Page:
Fly ash is a pozzolan, meaning it is a siliceous and aluminous material that, in the presence of water, will combine with an activator (lime, portland cement or kiln dust) to produce a cementitious material, according to Fly Ash Facts for Highway Engineers, a publication of the FHWA, and authored by the American Coal Ash Association (ACAA).
Initially, this ash went right up the stack, but as awareness of the problems with air pollution increased, technologies were developed to make it easier to remove the ash from the stack stream. This material mostly was landfilled, but high landfill costs – along with the need to develop profit centers – spurred electric utilities to find markets for the pozzolanic material.
The American Society for Testing and Materials (ASTM) classifies fly ash into Class C and Class F categories. Class C, with a higher calcium oxide content (CaO, or “lime”), comes from the burning of western sub-bituminous or lignite coals, and Class F is derived from bituminous eastern coals. Research indicates that Class F fly ash is better suited for fighting alkali-silica reactivity, the common malady of concrete.
Silica Fume for HPC
Another industrial “waste” byproduct that would otherwise be landfilled – silica fume – has a most useful role as a component of durable concrete.
Silica fume is a byproduct of the reduction of high-quality quartz with coal or coke and wood chips in an electric arc furnace, during the production of silicon metal or ferrosilicon alloys. The fume is condensed from gases escaping from the furnace and mostly consists of superfine, spherical silicon dioxide particles.
From 1977 on, silica fume began to find its way into U.S. high-rise construction as an additive to concrete, to which it imparts durability and strength. In the 1980s, it was used extensively in high-profile high-rise projects, in some cases producing concrete that exceeded 14,000-psi compressive strengths.
Silica fume is used in bridge structures and decks, where it enhances compressive strengths while boosting durability by blocking migration of chloride ions to reinforcing steel.
One such bridge is the eight-mile-long Confederation Bridge connecting Prince Edward Island with New Brunswick in Canada’s Maritimes Region. This signature bridge is exposed to some of the world’s most extreme weather conditions, including significant amounts of ice that are constantly moving, high winds that result in salt water splash and spray zones on the piers, and frequent cycles of freezing and thawing.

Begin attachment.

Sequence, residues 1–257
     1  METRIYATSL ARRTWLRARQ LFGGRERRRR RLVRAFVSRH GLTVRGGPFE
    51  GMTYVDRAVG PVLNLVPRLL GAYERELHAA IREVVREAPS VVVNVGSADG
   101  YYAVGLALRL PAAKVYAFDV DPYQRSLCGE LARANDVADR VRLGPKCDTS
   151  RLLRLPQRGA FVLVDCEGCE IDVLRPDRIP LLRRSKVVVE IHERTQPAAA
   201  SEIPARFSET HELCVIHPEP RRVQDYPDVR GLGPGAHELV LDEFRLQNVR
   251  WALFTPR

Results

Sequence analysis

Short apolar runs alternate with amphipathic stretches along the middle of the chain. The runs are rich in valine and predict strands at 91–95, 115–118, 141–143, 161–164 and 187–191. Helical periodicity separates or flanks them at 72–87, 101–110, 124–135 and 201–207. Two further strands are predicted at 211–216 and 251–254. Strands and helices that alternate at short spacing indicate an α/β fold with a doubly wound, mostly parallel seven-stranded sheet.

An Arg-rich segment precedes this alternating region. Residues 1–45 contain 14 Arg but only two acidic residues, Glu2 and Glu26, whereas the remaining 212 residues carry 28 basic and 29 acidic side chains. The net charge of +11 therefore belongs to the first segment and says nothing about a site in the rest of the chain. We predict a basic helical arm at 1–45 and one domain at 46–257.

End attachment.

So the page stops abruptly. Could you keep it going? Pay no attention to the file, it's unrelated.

To protect the structure against corrosion and to achieve a 100-year service life, the bridge was constructed with seven different concrete mix designs incorporating various supplementary cementitious materials – including silica fume and fly ash – to achieve low permeability, high early strength, low heat rise, and resistance to freezing and thawing.
GGBF Slag Cement
Like fly ash, use of blast-furnace slag in concrete has been practiced in Western Europe and Japan since the early 1940s. Blast furnace slag is the byproduct of the manufacture of molten iron, resulting from the fusion of limestone and other fluxes with the ash from coke and silica and alumina from iron ore.
While air-cooled slag has been used for decades for noncritical applications such as railroad track ballast, or landfilled or left in heaps at steel mills, in a processed state as ground granulated blast-furnace slag (GGBF) it takes on much higher value as an admixture to concrete.
According to ASTM, GGBF slag is a cementitious, glassy, granular material formed when molten blast-furnace slag is rapidly chilled by immersion in water. This chilling creates a granular product that is then ground to spec and used as an admixture in concrete where it provides improved performance over conventional concrete.
A major mass pour for a bridge pier spread footing was a major application of GGBF slag cement for the Missouri DOT. There, GGBF slag cement – in a 70-percent substitution for Type II portland cement – was being used to lower the heat of hydration in a 2,600-cubic-yard pour for a pier footing for the Phase 1 extension of Page Avenue (S.R. D) in St. Louis County. Ultimately more than 100,000 yards of the mix – representing about 10,000 tons of slag cement – would go on the job over a year and a half.
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